Many people have an opinion about the importance of birth order. They might recall that while their parents gave them a curfew, that didn’t apply to their younger brother. Or that their parents idolized the oldest child. The interesting thing is, research suggests that birth order actually does influence the long-term paths that people follow in life.
Previous research has shown that, compared to first-borns, later-born siblings in the same family tend to have lower grades in high school, are less likely to go to university, achieve a lower overall level of education, have less prestigious occupations in adulthood, and also make less money.
Furthermore, it is not just a difference between first-borns and all later-born siblings; the second-born typically does worse than the first-born, the third-born does worse than the second-born, and so on. These patterns are observed amongst children who grew up in the same family, and can be seen across families of all sizes.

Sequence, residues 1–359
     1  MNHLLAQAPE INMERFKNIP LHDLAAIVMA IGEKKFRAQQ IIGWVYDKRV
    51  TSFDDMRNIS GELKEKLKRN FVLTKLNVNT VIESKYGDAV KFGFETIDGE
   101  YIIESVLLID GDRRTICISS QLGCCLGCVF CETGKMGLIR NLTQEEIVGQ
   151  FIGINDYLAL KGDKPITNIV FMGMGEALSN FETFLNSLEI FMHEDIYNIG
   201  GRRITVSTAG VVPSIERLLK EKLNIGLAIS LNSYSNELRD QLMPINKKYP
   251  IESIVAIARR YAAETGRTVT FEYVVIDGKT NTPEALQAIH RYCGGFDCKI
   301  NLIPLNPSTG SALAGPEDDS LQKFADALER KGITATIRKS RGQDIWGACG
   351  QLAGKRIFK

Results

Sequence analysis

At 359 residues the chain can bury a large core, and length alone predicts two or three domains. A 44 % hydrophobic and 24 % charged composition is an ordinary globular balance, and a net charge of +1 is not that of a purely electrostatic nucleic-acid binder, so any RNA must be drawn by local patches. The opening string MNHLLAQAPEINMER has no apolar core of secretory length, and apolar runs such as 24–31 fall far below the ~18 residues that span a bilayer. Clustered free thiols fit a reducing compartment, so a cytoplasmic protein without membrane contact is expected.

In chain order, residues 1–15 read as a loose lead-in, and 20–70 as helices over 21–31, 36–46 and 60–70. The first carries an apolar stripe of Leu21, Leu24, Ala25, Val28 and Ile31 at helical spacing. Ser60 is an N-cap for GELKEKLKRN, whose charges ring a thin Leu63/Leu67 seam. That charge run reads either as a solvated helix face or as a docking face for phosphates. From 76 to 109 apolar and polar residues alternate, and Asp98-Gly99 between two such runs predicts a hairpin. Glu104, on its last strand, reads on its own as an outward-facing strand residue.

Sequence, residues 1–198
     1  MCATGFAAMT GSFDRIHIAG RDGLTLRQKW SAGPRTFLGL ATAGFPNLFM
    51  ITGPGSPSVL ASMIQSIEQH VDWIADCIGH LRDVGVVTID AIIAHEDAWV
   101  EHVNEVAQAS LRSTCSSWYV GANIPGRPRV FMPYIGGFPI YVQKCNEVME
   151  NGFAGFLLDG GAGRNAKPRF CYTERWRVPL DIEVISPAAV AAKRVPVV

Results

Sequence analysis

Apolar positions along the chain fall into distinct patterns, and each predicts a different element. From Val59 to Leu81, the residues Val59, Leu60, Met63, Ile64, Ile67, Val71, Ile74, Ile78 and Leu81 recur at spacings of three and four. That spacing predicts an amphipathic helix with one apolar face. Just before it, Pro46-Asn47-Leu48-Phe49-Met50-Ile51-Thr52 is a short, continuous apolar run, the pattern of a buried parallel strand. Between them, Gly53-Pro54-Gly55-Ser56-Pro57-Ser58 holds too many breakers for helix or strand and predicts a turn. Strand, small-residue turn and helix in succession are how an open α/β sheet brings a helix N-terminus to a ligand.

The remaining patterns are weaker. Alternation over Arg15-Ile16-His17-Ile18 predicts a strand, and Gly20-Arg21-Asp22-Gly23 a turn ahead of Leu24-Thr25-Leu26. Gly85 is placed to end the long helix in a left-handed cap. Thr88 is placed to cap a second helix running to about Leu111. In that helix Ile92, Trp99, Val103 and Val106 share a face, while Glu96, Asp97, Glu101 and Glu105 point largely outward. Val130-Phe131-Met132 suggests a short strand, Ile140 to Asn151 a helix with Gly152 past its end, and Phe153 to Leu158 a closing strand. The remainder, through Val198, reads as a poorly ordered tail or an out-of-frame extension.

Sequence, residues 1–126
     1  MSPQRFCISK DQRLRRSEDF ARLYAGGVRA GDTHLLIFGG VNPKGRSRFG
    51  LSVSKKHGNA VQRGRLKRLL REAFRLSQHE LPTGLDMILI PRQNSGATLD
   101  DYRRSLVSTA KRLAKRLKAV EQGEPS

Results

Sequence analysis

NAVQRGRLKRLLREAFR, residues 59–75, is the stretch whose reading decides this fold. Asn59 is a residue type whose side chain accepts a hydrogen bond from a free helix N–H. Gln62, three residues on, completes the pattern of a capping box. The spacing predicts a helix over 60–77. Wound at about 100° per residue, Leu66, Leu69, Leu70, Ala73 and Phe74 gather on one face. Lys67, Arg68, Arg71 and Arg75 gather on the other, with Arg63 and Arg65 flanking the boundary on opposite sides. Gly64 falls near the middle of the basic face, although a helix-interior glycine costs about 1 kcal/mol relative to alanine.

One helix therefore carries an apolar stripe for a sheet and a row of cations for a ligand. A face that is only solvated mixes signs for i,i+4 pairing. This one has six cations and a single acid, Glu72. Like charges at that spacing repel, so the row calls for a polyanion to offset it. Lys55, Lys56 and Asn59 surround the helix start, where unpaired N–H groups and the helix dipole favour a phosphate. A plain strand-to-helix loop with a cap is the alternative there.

In our study we wanted to extend this research to see whether there are birth order differences in what siblings choose to study if they go to university. College major can matter a lot for long-term outcomes.
Research in the United States and Norway has shown that the difference in long-term earnings between the most lucrative and the least lucrative college major can be as large as the earnings gap between those who go to college and those who do not.
Examining whether there are birth order differences in college major would help us to further understand the effects of birth order on education. Furthermore, birth order differences in college major might explain part of the long-term birth order differences observed in occupational prestige and earnings, given the importance of college major for those outcomes.